John Gruber Exhibit Opens at the
Rural Heritage Museum Part 2
ith the items and vintage issues from the Gruber partners as a start, Marty continued to build a representative sampling of Gruber almanacs through its 220- year history as well as some other publications by Gruber. She identified several private collectors asking if they would be willing to support her efforts. From Carole Stoner, she received almanacs from 1893-1940 and from Richard Helfrich, almanac copies from years 1861, 1863-5, 1823, 1835, and 1840. Marty then turned to The Washington County Historical Society, Hagerstown Maryland, who maintains the most complete collection of Gruber’s almanacs (even more complete than the Gruber partner’s own collections and archives!). Anna Cueta, Curator of Collections agreed to not only loan select editions from their collection but also agreed to include their prized copy of Gruber’s The National Songster, America’s Most Admired Patriotic Songs printed by Gruber and his partner, Danial May in 1814. In it is Francis Scott Key’s famous poem "Defence of Fort McHenry” with directions that it is to be sung to the tune of ‘Anacreon of Heaven’, a popular English drinking song. It has been documented by the Library of Congress that this is the very first appearance of the poem as a song that would later be retitled The Star-Spangled Banner and become our national anthem. But the loan of these rare items required that the display conforms to strict AAM standards.
Starting with a retail display case recently donated to the museum, Marty and her team, Howard Meyers and Phil Muritz, set about to make the case AAM-compliant. The case dimensions measured 8 feet by 2 feet with 4 wooden shelves, each with an 8 inch tilt. All of the wooden surfaces of both the shelves and tilts were covered with TYVEK, a highly- effective moisture barrier used in housing construction and then wrapped entirely with unbleached muslin. This is done to prevent any gassing out from the wood which could seriously damage the artifacts displayed. The case was fitted with 2 sliding door locks and the top was re-glued for added security. The end result was a 32 linear feet of AAM-compliant display area. "The optimum upgrade would be to make the case air-tight and control the humidity from within it but that would be too cost-prohibitive”, said Marty and even though each of their 3 buildings are already temperature- and humidity-controlled, AAM standards still require that all individual display cases also adhere to the same strict climate control standards.
With the display case now up to AAM standards Marty needed to consider how to arrange the artifacts in an effective way. She determined that the artifacts be arranged in chronological order with all of the wood print blocks arranged on the top shelf of the exhibit case along with other artifacts starting with the oldest artifact , a book, "Evangelium Nicodemi” printed in Hagerstown by Gruber in 1796. The first 1797 issue is displayed alongside of the wood print block depicting its original German cover. The display continues with a copy of the rare 1800 issue with a memorial to George Washington who had died in 1799. The multiplication table copper plate is displayed next to the earliest table found which was in 1806, a wood cut of Gruber’s silhouette and his signature, as well as wood cut of his original print shop located on South Potomac Street in Hagerstown, Maryland. The National Songster, America’s Most Admired Patriotic Songs is prominently displayed, opened to the Francis Scott Key’s poem. Other significant editions are on display that include the 1823 issue which was the first issued in English with its corresponding issue in German, various almanacs in German after the start of English editions, a collection of the Civil War Era almanacs, and finally, the 1918 edition that was the last issue in German along with its corresponding English issue. It is noteworthy to point out that in no issues of English-language version is there any reference to war, politics or religious doctrine. The display concludes with a collection of books and pamphlets printed by Gruber that were sold in Hagerstown. The exhibit’s focal point is a beautiful 1777 map that chronicles Gruber’s life from his birth in Strasberg, Pennsylvania in 1768 to his death in Hagerstown, Maryland 1858.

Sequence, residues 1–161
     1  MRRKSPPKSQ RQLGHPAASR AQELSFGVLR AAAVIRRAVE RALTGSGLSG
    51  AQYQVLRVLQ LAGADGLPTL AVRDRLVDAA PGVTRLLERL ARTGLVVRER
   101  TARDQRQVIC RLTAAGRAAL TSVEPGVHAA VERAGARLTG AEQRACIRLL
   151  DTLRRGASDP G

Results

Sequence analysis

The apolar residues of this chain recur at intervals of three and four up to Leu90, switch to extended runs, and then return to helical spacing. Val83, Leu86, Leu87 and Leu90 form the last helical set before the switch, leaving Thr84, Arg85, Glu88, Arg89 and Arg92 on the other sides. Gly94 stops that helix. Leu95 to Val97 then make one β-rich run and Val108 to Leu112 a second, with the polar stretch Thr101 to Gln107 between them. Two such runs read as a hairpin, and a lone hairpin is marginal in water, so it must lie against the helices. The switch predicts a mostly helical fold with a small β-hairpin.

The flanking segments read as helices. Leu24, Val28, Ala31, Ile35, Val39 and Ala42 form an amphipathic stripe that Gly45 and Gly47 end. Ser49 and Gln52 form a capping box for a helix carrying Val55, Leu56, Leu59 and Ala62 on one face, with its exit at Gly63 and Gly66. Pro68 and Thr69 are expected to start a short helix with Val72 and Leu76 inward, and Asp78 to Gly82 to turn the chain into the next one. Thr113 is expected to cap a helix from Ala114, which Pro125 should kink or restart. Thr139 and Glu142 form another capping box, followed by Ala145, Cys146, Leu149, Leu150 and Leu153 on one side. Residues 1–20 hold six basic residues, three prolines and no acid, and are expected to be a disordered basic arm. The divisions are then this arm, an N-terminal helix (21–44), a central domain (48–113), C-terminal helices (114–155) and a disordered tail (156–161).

It is an exhibit that shouldn’t be missed and even though it was intended for a limited run through September of 2016, plans are to make it a permanent addition to the museum’s outstanding exhibits. "We're an all-volunteer museum and although we try to be professional in every aspect, we are not there yet. BUT WE TRY SO HARD EVERYDAY!” said Marty with passion. The Almanack was extremely proud to be part of this effort to recognize John Gruber in this very special way and applauds her dedication as well as all of the other volunteers who work to make The Rural Heritage Museum of Washington County, Maryland what is today. Make plans to visit them soon!
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